The mushroom appeared briefly along with five other native fungi on a set of stamps issued by the New Zealand government in 2002 and it can also be seen on the reverse of the country’s $50 note which was released in 1990.  Outside of New Zealand, however, and people seem blissfully unaware of the existence of this incredible blue mushroom.

The fruiting body (or basidiocarp) of the mushroom is usually found among moss, ferns or fallen leaves and the cap grow up to around four centimeters in diameter.  With a conical shape it does look like something out of a fairy tale or children’s story and the lush green backdrop of New Zealand’s woodland simply adds to the expectation (albeit a little infantile, but hey) that a pixie will start to leap around it at any moment.

Although the mushroom is not edible it is not known if it is poisonous or not – no one seems to have tried to eat it so far in its history.  It was first described by a European in 1866 so it is a little surprising that there has not been a willing Alice in the interim to furnish us with details of its edibility or otherwise. Yet other species in its genus are known to be poisonous so the likelihood is that this beautiful blue mushroom would not be much good in an omelette.

28 May 2011

How Green Is Your Internet?


Oh dear.  Just when you thought you were being really green someone comes along with some information that makes you heart drop.  This is a thought provoking animated infographic by Dan Ilic which gives us an idea just how much energy computer usage takes up. The statistics are a little bewildering but it does make you consider switching off your computer and never bothering with YouTube and Facebook.  But not for long.

Perhaps there will be a future where we as consumers can chose how our energy is produced or perhaps it can be offset in one way or another.  Until then I am afraid I will be continuing with my (rather heavy) internet usage and trying to cut down in other ways.

The video was directed and designed by Patrick Clair and originally created for Hungry Beast on ATV in Australia.

Stinging Caterpillars of the United States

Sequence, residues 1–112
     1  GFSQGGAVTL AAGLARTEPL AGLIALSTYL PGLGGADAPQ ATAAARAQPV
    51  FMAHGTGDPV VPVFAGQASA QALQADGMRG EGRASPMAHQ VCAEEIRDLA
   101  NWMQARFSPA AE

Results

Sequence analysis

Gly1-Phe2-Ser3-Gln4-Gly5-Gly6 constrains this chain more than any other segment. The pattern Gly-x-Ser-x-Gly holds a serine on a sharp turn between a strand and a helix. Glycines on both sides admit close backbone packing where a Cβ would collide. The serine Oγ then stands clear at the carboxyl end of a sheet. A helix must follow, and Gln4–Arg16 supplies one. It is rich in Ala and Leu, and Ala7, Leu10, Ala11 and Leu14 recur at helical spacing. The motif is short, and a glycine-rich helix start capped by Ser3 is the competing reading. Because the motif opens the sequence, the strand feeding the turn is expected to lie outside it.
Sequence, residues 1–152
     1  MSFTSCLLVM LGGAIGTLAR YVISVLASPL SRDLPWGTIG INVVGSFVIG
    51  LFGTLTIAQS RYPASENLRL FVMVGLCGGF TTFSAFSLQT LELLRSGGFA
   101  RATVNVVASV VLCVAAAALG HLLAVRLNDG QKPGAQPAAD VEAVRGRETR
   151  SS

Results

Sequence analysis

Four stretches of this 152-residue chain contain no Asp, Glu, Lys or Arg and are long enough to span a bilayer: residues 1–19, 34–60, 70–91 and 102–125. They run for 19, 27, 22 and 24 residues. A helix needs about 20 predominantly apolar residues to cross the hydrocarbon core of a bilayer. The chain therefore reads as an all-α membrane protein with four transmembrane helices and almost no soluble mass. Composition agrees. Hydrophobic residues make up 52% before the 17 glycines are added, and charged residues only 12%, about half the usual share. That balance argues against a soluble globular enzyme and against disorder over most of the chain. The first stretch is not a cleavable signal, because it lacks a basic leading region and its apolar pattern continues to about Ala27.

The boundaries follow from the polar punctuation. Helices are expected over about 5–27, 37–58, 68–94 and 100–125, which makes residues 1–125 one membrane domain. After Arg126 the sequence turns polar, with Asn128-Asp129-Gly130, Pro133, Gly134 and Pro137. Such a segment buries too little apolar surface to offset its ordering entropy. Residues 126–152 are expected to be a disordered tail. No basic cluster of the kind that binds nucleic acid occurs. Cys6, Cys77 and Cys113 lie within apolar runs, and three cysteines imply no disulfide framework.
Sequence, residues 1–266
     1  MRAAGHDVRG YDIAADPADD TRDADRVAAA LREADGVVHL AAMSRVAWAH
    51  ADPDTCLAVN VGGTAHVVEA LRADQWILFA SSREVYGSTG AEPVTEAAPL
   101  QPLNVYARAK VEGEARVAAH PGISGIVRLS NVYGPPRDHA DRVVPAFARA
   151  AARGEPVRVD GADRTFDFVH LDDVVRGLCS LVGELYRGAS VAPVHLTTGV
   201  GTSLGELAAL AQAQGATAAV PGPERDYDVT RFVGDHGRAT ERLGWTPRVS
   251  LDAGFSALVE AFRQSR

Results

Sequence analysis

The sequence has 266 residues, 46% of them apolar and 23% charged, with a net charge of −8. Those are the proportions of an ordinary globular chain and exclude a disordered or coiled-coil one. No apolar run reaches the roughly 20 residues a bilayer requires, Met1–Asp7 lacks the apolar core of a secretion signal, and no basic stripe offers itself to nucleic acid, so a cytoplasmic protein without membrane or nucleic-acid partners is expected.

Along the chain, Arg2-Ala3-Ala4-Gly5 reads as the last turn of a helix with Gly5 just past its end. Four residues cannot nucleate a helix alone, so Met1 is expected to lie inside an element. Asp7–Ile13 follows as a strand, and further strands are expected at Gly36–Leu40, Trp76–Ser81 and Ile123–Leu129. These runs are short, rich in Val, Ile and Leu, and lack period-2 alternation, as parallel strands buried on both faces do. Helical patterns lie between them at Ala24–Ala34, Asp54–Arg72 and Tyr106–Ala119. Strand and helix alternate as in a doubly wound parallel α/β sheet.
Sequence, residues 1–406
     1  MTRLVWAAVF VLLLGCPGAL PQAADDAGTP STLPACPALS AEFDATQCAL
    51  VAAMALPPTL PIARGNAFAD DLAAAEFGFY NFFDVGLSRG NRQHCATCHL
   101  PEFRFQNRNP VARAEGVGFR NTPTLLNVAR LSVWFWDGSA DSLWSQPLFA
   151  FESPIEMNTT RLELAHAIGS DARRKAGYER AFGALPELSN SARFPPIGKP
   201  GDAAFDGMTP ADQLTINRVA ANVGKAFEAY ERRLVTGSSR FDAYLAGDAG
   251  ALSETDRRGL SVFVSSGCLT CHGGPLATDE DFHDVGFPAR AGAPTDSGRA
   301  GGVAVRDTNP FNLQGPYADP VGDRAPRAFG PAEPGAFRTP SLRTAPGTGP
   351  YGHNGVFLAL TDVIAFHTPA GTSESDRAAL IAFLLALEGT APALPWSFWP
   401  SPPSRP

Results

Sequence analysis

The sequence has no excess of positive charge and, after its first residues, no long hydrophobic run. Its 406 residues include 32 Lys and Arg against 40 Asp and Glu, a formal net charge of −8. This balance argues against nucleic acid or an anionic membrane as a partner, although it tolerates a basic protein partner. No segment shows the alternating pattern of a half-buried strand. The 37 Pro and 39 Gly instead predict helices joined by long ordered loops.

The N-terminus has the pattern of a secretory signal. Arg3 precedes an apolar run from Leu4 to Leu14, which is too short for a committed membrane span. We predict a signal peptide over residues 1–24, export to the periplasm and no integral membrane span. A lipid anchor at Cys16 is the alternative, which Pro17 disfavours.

Animal, vegetable or mineral? In fact the creature above is the caterpillar of the White Flannel moth. Below all that 'fur' is a caterpillar but one which, when it feels threatened, will sting. Stinging caterpillars are, in fact, more common than you might expect. Click on the links and take a walk on the wild side to our sibling site the Ark in Space!

27 May 2011

Dystopia


Dystopia – a grey, bewildering and repressed place, ruled over by an unseen elite. Yet in to this dark place a little color somehow finds it way. It has an effect on one individual who begins to express himself using forbidden colors. This wonderful piece of animation is by Daniel Leyva, Esteban Fernández Dagach and Dieter Schindler at the Animation School of Hamburg.

Please note that this animation does contain a little grown up imagery, so if you are easily offended, best not to click play!

RHS Chelsea Flower Show 2011 - the Highlights in Pictures

The Royal Horticultural Society is one of the world’s leading horticultural organisations and the UK's leading gardening charity. Each year the society puts on just about the RHS Chelsea Flower Show to showcase the highest quality horticulture. If you were unable to make it, don’t worry. Here is a selection of the outstanding exhibits of the 2011 show. They will hopefully inspire you, perhaps frustrate you a little (or a lot) that however hard you try your own garden is never going to look like this!

Image Credit Flickr User Gavin Anderson/a>